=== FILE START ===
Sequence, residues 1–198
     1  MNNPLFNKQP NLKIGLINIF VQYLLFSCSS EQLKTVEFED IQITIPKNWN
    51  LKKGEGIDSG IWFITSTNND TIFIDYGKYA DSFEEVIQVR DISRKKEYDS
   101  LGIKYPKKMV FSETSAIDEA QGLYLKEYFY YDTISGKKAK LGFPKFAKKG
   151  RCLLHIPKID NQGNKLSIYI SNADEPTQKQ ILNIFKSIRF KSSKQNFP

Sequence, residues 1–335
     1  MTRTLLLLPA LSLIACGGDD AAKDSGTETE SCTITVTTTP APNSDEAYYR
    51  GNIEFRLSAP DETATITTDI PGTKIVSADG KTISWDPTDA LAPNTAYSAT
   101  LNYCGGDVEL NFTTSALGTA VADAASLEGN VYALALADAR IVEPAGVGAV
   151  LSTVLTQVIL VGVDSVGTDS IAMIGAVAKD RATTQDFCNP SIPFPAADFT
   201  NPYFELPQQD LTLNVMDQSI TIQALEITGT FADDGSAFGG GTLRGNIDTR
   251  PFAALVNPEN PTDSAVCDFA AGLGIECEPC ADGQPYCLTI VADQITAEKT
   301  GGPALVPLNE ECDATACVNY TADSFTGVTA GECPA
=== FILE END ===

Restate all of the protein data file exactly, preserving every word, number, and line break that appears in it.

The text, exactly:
Sequence, residues 1–198
     1  MNNPLFNKQP NLKIGLINIF VQYLLFSCSS EQLKTVEFED IQITIPKNWN
    51  LKKGEGIDSG IWFITSTNND TIFIDYGKYA DSFEEVIQVR DISRKKEYDS
   101  LGIKYPKKMV FSETSAIDEA QGLYLKEYFY YDTISGKKAK LGFPKFAKKG
   151  RCLLHIPKID NQGNKLSIYI SNADEPTQKQ ILNIFKSIRF KSSKQNFP

Sequence, residues 1–335
     1  MTRTLLLLPA LSLIACGGDD AAKDSGTETE SCTITVTTTP APNSDEAYYR
    51  GNIEFRLSAP DETATITTDI PGTKIVSADG KTISWDPTDA LAPNTAYSAT
   101  LNYCGGDVEL NFTTSALGTA VADAASLEGN VYALALADAR IVEPAGVGAV
   151  LSTVLTQVIL VGVDSVGTDS IAMIGAVAKD RATTQDFCNP SIPFPAADFT
   201  NPYFELPQQD LTLNVMDQSI TIQALEITGT FADDGSAFGG GTLRGNIDTR
   251  PFAALVNPEN PTDSAVCDFA AGLGIECEPC ADGQPYCLTI VADQITAEKT
   301  GGPALVPLNE ECDATACVNY TADSFTGVTA GECPA